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Fighting the good fight

August 15, 2013
By Adrian Vlach , Cornell Cooperative Extension Master?Gardners

There was a time, albeit briefly, when gardening was patriotic, and a whole nation stood ready with rake and trowel to build a better tomorrow.

Britain lost many of its farmers during World War I. The consequences were both immediate and predictable. With farmers in trenches, British war gardens emerged out of a national imperative for agricultural labor, for food during war times. By World War II, the Great Depression, the Dust Bowl and the previous war had taken such a toll on American food production that we borrowed from the British, rebranding our war gardens "victory gardens." Overnight, planting vegetables in the lawn became a matter of national pride.

In 1942 the U.S. Department of Agriculture was already providing information and education to civilians interested in helping the war effort via urban gardening. Nutrition was emphasized in crop selection, and resource conservation was taken very seriously. Consumption of locally produced foods was doubly important: It made it easier to supply the troops, and increasingly, the distribution equipment was needed for more important work than getting produce to grocers. That same year, rationing went into effect, and victory gardens became as practical as they were patriotic.

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As the idea took root and the federal promotion increased, so, too, did participation and the sophistication of victory garden activities. Canning was promoted, as was conservation of precious seeds. Ag tracts suggested conversion of vacant lots, community gardening and composting. By 1943, pressure cooker sales were up five-fold over the previous year. In urban areas, vegetables were grown in window boxes, on rooftops and in public spaces like city parks. Toward the end of that year, a new slogan appeared on posters put out by the Department of Agriculture: "Grow More In '44."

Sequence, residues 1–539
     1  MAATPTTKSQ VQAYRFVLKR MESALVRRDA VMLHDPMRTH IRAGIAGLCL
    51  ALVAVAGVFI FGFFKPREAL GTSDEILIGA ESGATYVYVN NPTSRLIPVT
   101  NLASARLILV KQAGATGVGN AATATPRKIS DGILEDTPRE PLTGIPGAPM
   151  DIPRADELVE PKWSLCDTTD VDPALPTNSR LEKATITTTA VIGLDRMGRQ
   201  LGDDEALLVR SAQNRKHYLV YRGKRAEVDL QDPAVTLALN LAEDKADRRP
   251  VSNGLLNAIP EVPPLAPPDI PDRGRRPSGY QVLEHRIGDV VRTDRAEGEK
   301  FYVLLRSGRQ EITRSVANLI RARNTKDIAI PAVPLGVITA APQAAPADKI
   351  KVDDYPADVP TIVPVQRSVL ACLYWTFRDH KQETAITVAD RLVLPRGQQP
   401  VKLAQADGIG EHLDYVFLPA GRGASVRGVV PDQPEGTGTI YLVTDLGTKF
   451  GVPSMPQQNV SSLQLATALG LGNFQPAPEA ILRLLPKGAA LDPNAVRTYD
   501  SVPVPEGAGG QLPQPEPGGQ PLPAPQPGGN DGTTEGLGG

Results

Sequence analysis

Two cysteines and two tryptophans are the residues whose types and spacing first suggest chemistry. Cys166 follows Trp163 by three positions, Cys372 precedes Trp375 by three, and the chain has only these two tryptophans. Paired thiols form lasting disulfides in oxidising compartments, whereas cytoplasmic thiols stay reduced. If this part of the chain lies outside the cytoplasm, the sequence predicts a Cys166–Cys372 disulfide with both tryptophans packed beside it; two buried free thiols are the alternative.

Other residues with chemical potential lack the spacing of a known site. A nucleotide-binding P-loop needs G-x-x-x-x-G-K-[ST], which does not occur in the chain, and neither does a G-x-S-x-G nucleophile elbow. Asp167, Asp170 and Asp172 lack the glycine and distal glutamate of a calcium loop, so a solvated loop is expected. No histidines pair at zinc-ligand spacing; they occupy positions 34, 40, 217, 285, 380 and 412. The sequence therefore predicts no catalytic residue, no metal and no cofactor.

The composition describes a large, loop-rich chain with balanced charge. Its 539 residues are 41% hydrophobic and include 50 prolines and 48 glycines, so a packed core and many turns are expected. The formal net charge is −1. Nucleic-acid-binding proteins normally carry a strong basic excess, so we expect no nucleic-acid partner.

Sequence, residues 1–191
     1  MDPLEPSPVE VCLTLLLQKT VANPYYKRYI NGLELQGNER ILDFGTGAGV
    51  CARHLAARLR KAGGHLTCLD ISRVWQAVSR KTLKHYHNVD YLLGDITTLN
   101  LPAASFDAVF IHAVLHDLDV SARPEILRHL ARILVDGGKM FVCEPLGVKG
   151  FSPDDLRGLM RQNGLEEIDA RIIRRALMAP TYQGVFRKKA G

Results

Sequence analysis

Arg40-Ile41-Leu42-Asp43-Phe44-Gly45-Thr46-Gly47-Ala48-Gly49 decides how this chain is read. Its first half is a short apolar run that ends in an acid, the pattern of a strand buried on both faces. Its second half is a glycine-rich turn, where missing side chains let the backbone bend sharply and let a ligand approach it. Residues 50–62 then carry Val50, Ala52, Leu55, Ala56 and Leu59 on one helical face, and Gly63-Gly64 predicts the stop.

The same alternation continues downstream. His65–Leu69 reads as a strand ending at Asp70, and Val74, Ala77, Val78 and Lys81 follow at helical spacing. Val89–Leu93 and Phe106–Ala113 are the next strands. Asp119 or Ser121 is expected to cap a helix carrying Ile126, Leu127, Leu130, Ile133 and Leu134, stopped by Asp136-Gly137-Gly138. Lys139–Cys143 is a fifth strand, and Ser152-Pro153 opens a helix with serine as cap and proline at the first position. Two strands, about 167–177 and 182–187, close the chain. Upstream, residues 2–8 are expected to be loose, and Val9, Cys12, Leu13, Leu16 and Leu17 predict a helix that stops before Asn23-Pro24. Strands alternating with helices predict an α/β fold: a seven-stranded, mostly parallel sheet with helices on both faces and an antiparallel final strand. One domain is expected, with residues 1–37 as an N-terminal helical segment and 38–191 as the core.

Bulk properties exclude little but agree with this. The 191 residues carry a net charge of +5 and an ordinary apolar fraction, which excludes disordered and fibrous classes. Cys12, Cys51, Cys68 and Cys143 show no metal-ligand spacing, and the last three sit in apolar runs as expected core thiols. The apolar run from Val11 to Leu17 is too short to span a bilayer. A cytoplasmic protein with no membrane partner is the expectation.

At its peak, there were approximately 20 million victory gardens in the United States. In 1944 more than 40 percent of all vegetables grown in the U.S. were grown in these home gardens, but by '46 that had all changed. When the troops came home, the urban farming phenomenon abruptly ended.

Today, evidence of the victory garden movement is most notably preserved in the form of promotional posters propagandizing vegetable cultivation. A fine collection can easily be found on the Internet. The delightfully fun prints are windows into a different time; they offer an old-fashioned, radical retake on patriotism.


Adrian Vlach lives in Saranac Lake and is a Franklin County Master Gardener volunteer. He grows his victory garden in plots at the local Community Garden.



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